I photograph many shist stone and vine draped cottages, then old civic buildings. Most have been artfully restored since the cycleway has breathed life back into what was a ghost town. You could take enough photos here to make a scenic calendar.

Its a bigger day trip today.  Omakau is soon behind me, I pause on the trail at Lauder, wondering over the German name for this remote outpost, when a couple of fellow cyclists pull up and ask me to get away from the sign as they want to take a photo.

In my haste to get back on the trail,  I forgo replenishing my water bottle, as there are no water stops or cafes for the next 22 Ks.

Its a bit overcast so I don’t worry too much. However new surfacing of a thick layer of rocks on the track makes for thirsty work. I am inhaling my water supply.

The trip turns into another ascent soon punctuated by two tunnels that require you to dismount and walk into the darkness bumbling along the creepy hillside corridor with just a thin beam from the bike headlight.

The rewards are great as you emerge out of tunnel above the Poolburn gorge and more sensational views.

Also on this leg are the legendary high suspension bridges which creak and clank as you ride over them. Fortunately I am focussing too hard on staying on my bike as it bounces over the historic rickety planks, to look down.

Finally the 22 Ks cafe drought is over at the small town of Oturehua.  I dismount gratefully outside the 1902 Gilchrist Store. As I gargle some water down on the seat outside locals walk past offer encouragement.

Then its back on the track for the slog to the 618 metre summit, the highest point on the entire cycle trail.

The climb is manageable but the fresh layer of stones laid on the track for the new summer season, makes for heavy progress and my thighs are screaming in no time.

As I cycle past the 45 degree south latitude sign, I swear to myself, I will return with thighs the size of an All Black rugby player after this journey. Fortunately shortly around the bend is the summit.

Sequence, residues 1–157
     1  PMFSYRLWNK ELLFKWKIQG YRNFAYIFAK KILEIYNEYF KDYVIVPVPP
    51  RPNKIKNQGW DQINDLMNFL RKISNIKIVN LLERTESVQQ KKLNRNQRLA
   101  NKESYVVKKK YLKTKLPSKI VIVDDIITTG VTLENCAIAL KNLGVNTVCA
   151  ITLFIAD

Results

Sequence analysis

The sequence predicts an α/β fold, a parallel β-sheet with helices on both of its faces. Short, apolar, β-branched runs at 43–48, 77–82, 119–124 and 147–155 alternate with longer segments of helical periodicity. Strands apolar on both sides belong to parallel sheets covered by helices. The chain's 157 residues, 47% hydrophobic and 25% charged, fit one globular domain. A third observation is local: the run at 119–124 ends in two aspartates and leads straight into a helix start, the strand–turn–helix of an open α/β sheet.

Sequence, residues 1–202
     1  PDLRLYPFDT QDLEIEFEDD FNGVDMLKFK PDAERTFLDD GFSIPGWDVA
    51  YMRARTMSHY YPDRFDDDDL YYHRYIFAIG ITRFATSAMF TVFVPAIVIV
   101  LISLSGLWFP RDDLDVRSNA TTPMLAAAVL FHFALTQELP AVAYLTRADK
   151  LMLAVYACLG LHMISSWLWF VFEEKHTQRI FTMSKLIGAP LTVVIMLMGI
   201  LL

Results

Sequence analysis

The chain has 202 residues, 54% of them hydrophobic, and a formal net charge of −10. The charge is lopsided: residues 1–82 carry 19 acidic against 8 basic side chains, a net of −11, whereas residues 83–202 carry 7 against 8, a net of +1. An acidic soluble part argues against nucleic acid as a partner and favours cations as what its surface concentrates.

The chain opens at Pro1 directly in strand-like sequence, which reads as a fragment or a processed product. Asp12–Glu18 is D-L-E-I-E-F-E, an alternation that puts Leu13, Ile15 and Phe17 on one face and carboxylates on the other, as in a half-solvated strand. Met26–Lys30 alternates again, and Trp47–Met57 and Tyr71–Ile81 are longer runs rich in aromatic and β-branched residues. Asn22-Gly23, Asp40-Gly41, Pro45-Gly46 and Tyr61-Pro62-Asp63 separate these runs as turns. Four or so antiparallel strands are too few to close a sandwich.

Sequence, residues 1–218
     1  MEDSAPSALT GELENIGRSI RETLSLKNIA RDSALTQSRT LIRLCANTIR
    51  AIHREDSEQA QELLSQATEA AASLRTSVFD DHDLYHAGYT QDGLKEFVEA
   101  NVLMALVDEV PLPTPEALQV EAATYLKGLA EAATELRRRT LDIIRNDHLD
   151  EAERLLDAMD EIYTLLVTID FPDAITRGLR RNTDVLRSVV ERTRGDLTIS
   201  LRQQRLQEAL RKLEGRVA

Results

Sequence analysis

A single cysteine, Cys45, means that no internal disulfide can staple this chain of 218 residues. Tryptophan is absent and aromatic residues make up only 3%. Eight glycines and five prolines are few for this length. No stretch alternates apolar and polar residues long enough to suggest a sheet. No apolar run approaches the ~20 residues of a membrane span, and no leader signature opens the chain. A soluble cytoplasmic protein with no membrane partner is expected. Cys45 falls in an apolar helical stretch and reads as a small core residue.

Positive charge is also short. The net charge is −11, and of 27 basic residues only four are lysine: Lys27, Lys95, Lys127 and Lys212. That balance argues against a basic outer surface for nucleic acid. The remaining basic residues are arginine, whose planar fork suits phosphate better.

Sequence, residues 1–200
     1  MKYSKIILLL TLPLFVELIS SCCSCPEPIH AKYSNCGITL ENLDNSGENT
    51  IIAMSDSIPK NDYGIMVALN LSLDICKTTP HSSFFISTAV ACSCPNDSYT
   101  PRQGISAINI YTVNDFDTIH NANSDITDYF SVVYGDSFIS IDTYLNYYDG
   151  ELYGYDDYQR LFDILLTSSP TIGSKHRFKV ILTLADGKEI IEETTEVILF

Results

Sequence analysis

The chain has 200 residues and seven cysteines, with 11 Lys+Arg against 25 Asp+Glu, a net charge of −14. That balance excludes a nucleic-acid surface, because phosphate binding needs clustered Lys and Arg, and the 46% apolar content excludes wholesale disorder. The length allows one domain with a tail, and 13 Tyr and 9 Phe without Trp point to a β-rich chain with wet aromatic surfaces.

Some familiar faces from the track are taking photos by the summit landmark and we go ‘old school’ taking photos for each other to share the moment, rather than selfies.

Then its a race downhill to Wedderburn, tonight’s destination. The others roar off. I am more sedate at a modest 25 Ks an hour, which I increase to 29 Ks as the Wedderburn hotel and the promise of a local beer come into view.



Happy Trails Downunder – Otago Rail Trail New Zealand

Back home from my beloved Berlin, I quickly fixed on a local adventure in my New Zealand homeland to take the sting out of coming back. I booked an Otago Rail Trail odyssey for the first New Zealand long weekend spring holiday season.

The trip is 150 kilometres of mountain biking over what remains of a derelict train track from Clyde to Middlemarch in the alpine region of the South Island.

Only problem is I gambled on some spring weather. In the days that approached I reviewed my packing list. It was expected to be anything but spring like, with lows of -4 to highs of 12 C forecast.

Not a natural bad weather biker I had to fossick deep in the wardrobe for merino layers and cadge a man size winter cycling jacket and rainwear to take with me.

The packing preparation was more thorough than my exercise regime. I managed a couple of sessions on a static bike in the gym in the days before hand of 10 kilometres duration, pushing it up to 15 Ks on the week of departure. Only problem was the daily trail requisite Ks was at least 40 Kilometres over steep passes and on stoney roads to make it to your overnight accommodation.

Here is how it played out. Day 1 was sunny. Who knew? I had gear for near arctic conditions which had to be shed layer by layer, shoved into my bulging bike panniers over the first day’s 44 kilometres from Clyde to Ophir.

Gorgeous vistas unfold before me, first along flat lands through to Chatto Creek, where we cyclists chowed down on carbs at the cafe, before the assualt on Tiger Hill – a calves straining slow ascent to the top of the pass.

On the other side is Omakau, and just over the bridge, Ophir a charming village with several B and Bs set in cute cottages and a couple of nice gastro pubs. I checked into one in an 1870s building.

After a gargantuan dinner and a chat with the owner who tells me there are two weddings on in this tiny town, I retired early.

But after midnight I am awoken, by what I quickly guess is the honeymoon couple, directly above me, through thin floor boards.

And I can report the marriage was consummated several times over that night, as I was a reluctant third party witness throughout.